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14 August 2009 • As a rule, the people who oversee scientific research for federal agencies get far less appreciation than they deserve. Science at UCAR and many universities would be impossible without the dedication of program managers at NSF, which is NCAR's sponsor and largest funder of NCAR and other UCAR programs. Roughly 60% of the UCAR support in recent years is made up of funds from NSF, whose hard-working professionals have to make many tough decisions.
“It’s a happy man who loves his work, and I love my work. Working on process-oriented field campaigns such as the Monsoon Experiment and the Indian Ocean Experiment, high-end climate modeling with the Community Climate System Model, and COSMIC, with its groundbreaking observational capabilities, have been some of the most gratifying experiences of my career. What have made these programs so successful are their extraordinary leaders and their equally superb teams of researchers, engineers, technicians, and support staff—people who I am proud to call my colleagues.” —Jay Fein (right, with UCAR president Richard Anthes)
“The most important thing for me has been my role in enabling scientific advances, big or small, to take place. Shortly after I became the director of the atmospheric chemistry program in ATM the ozone hole was discovered, and supporting some of the key scientific studies related to this discovery was extremely stimulating and rewarding. I also find numerical simulations and how they contribute insights into how nature works exciting. Overall, watching and getting to know the people and work we support, and the advancement of science, makes our work at NSF worth everything! I especially get pleasure from watching younger people—students and postdocs—develop into mature scientists and contribute to the field. Helping them to succeed has made my whole career satisfying and worthwhile.”
“Privileged’ is a word I often associate with my oversight of UCAR/NCAR activities. I have been privileged to work at one of the best agencies in the federal government. I have been privileged to be associated with the atmospheric sciences community, which is one of the quintessential community milieus in all of science. I have taken more than I have given to this community milieu. Those who judge my tenure must fully acknowledge my successes are the result of the wisdom and devotion of community members as well as my colleagues at NSF, and they must recognize that my failures are because I did not seek or heed the advice of these colleagues with sufficiency.”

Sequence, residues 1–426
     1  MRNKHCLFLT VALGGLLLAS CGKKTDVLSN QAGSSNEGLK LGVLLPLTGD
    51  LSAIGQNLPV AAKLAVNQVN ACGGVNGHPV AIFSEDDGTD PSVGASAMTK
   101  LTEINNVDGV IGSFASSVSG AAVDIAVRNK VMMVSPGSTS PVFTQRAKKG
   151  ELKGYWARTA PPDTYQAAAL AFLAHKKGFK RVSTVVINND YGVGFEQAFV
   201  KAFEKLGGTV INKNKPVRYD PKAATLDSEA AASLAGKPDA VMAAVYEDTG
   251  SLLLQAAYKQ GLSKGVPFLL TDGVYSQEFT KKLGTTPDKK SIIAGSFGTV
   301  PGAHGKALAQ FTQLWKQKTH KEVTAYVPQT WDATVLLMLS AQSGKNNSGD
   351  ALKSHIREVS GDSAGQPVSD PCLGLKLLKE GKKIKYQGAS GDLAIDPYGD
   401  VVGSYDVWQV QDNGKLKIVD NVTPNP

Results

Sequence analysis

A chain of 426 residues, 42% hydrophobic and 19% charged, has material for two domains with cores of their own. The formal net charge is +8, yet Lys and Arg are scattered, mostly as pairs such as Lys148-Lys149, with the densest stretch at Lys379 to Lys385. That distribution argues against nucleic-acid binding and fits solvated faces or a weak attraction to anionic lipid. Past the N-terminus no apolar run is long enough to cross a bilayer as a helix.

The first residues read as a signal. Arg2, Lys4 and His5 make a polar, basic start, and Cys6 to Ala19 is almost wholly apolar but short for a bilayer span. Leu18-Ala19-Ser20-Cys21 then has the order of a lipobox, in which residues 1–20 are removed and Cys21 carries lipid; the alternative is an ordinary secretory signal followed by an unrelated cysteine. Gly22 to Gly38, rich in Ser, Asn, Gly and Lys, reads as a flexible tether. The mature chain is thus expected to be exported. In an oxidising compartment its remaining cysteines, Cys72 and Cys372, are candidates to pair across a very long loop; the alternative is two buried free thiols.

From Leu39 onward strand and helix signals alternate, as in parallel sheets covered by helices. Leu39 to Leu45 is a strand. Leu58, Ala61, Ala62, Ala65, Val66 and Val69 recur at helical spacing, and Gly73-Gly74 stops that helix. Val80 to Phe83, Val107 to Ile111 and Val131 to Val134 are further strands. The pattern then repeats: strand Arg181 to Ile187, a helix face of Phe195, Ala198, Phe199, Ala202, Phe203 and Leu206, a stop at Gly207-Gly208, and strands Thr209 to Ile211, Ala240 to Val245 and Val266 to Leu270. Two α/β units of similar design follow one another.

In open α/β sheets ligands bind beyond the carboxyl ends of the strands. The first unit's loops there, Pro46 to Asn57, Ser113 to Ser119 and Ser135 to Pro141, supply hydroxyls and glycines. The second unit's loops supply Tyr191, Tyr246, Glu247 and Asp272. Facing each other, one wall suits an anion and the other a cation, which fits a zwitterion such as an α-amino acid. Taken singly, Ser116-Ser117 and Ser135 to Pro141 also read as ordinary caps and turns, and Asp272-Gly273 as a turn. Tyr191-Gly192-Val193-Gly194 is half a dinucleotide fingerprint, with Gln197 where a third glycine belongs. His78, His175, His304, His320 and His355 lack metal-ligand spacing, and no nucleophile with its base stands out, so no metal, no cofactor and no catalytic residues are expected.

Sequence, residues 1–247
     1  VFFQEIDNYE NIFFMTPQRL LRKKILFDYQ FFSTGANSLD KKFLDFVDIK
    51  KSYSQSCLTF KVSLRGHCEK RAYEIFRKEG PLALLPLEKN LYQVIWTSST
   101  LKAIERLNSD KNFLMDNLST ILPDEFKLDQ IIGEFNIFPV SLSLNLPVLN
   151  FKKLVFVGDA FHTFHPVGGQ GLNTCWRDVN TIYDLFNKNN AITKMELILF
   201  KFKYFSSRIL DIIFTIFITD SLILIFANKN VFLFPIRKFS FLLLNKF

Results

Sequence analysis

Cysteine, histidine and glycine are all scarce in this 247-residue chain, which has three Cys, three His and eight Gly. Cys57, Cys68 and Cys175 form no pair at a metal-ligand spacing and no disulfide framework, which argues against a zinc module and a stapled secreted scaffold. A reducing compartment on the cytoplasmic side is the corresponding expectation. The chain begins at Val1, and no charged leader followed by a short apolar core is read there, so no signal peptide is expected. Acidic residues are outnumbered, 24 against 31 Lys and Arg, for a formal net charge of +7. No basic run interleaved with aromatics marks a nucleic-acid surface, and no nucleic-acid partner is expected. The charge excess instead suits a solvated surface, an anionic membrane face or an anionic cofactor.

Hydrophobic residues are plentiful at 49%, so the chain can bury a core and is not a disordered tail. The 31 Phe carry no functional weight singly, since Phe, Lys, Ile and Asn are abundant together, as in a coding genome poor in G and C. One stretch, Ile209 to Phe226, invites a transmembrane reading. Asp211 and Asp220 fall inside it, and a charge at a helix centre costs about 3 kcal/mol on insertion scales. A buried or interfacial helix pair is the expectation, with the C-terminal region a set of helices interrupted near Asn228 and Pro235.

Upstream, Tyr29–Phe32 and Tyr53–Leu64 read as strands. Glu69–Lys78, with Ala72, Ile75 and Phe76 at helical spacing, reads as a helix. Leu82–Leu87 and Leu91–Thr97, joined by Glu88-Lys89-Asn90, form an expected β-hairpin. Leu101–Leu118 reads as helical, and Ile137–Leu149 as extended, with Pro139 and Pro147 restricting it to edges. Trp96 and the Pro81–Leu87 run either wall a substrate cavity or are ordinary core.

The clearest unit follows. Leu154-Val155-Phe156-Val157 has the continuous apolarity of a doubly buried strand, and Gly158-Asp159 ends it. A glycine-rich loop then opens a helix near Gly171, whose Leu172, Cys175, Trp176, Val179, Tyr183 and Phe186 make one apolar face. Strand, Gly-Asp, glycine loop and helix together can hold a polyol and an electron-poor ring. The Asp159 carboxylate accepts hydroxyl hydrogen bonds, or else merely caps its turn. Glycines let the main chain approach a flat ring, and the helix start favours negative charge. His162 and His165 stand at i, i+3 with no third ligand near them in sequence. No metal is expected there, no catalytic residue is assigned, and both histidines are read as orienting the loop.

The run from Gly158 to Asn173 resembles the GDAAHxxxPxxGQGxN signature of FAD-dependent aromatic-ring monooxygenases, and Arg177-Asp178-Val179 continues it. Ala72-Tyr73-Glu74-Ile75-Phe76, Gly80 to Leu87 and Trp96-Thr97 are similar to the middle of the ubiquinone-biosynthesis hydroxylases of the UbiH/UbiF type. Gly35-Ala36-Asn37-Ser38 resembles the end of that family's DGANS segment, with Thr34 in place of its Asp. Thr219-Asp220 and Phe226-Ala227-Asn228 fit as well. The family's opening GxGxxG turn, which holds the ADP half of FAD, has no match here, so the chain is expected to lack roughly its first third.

Given finite budgets, they and their peers must choose a limited number projects to be supported among many viable candidates. NSF's program managers also work closely with UCAR and NCAR management to ensure that our core support is allocated wisely and that our university collaborations are cooperative rather than competitive. Their oversight, advice and review is essential to maintaining the highest quality scientific facilities and programs. This year, three outstanding scientific program managers and leaders at NSF—colleagues with whom we have worked for many years—are leaving their long-time positions. While primarily supporting research in the universities and at NCAR and UCAR, they have also served as critical links between the NSF research community and scientists in both research and operational settings at NOAA, NASA, and the U.S. Department of Defense.
It's time to acknowledge the essential roles these three public servants, and hundreds like them at NSF and other federal agencies, play in the research and operational weather and climate enterprise. This brief tribute is intended to celebrate and honor these largely unsung heroes.
JAY FEIN, director of the Climate Dynamics Program at NSF's Atmospheric Sciences Division (ATM) since 1986, will be transitioning to part-time project work in ATM after the end of this year. In 1976, Jay left the University of Oklahoma to become assistant program director for the Global Atmospheric Research Program (GARP), which he directed from 1980 to 1985. Jay has helped lead many international field programs and has contributed to the development of the Community Climate System Model (CCSM) and two highly successful satellite programs (GPS-Meteorology, or GPSMET, and the Constellation Observing System for Meteorology, Ionosphere and Climate, or COSMIC). For these efforts and others, he was awarded the American Geophysical Union's prestigious Edward A. Flinn III award in May.